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Excerpt from What We Leave Behind

Stories Told by Trash (p. 17)

From chapter "Waste"

Water and air, the two essential fluids on which all life depends, have become global garbage cans. -Jacques Cousteau

Much of what is known about ancient civilizations comes from digging up their waste.  Long after empires fall, after flags and flesh rot, garbage remains to tell stories about those civilizations.  Although some texts have been retained, much of history is essentially constructed by historians through the act of reading trash.

Societies that produced little or no nondegradable waste are consequently less interesting to many archeologists and historians.  Stories told by trash are “hard facts,” but oral histories passed down by indigenous people are often relegated to the status of allegory or myth.  In fact, there’s a good chance that a society that “failed” to produce any lasting waste may not even exist in the orthodox historical record.

Within our current system, the lifespan of any particular artifact as waste is usually far longer than its lifespan as a useful tool.  Let’s say I go to a food court at a mall and eat a meal with a disposable plastic fork. Let’s say I use the fork for five minutes before one of the tines breaks (as always seems to happen) and I throw it out.  The fork goes in the garbage and is buried in the landfill.  Let’s say this particular type of plastic takes five thousands years to break down (we’ll talk more later about what it means for plastic to break down).  For every minute I used the fork it spends a thousands years as waste: a ratio of one to 526 million, a number so large it’s hardly meaningful to human minds.  On a scale that’s easier to fathom, if we compressed the fork’s five thousand year existence to one year, the fork would have spend only six one-hundredths of a second as an object useful to me.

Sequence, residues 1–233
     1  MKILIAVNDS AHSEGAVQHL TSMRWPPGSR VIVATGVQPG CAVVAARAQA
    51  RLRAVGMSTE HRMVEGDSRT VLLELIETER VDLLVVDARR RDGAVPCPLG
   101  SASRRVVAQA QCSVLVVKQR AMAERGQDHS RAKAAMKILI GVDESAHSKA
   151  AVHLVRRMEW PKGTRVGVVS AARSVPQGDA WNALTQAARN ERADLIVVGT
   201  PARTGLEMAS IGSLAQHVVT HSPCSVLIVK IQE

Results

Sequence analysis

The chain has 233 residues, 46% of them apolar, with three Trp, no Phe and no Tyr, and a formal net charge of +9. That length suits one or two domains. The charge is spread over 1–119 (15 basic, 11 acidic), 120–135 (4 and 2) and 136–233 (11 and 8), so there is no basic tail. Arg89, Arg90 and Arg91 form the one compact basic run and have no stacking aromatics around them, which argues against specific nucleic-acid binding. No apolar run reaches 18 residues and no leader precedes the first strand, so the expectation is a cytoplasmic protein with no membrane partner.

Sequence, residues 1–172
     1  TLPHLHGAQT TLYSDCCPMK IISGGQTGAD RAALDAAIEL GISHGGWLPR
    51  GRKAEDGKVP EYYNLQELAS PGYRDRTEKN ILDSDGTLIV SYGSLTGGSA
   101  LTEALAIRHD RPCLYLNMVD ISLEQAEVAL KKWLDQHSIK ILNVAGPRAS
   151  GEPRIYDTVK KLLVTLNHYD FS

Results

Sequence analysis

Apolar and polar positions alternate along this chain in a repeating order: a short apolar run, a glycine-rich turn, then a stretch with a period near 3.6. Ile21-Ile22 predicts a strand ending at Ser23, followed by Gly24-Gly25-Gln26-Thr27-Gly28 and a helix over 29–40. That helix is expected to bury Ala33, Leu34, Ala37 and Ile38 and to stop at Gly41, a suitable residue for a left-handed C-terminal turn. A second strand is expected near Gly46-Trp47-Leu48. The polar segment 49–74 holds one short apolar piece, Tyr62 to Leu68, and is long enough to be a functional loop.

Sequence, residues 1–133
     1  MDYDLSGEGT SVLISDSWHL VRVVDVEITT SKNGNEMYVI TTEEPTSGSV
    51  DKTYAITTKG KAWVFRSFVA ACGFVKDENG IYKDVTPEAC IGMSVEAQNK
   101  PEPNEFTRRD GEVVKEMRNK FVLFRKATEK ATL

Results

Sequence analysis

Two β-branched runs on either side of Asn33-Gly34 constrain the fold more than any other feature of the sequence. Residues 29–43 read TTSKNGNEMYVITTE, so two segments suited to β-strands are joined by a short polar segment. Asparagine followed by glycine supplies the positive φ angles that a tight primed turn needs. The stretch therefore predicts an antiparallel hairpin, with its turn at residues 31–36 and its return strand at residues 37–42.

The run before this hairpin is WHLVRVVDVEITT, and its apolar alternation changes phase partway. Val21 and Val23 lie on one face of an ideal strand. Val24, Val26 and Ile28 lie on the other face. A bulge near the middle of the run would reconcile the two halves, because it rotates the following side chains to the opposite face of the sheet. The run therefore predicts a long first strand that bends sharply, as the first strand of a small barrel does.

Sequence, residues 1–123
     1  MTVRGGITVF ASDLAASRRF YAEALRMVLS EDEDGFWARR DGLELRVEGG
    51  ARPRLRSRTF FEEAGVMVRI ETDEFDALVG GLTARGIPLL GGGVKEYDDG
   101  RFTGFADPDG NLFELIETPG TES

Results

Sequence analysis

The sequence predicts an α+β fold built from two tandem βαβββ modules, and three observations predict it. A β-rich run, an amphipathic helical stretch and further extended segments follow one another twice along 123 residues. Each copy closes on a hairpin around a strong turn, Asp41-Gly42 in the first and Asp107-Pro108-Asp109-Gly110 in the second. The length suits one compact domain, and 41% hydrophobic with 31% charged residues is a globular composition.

We can also take into account the millions of years previous that the carbon the plastic fork was made of spent as oil deep underground.  In that even longer time frame the useful life of the fork is an imperceptibly short instant sandwiched between a very long time spend in the ground as oil and a very long time spend in the ground as waste.  The is true for almost every physical item civilization produces, from cars to computers to fast food containers – they sped many eons in the ground as iron ore or coal or sand, and are used a staggeringly short time, and then left as waste for thousands of years or longer.  

It’s pretty easy to argue that, from a long-term perspective (and indeed from a short-term perspective), industrial civilization is essentially a complicated way of turning land into waste.  It is, in all truth, “laying waste” to the earth.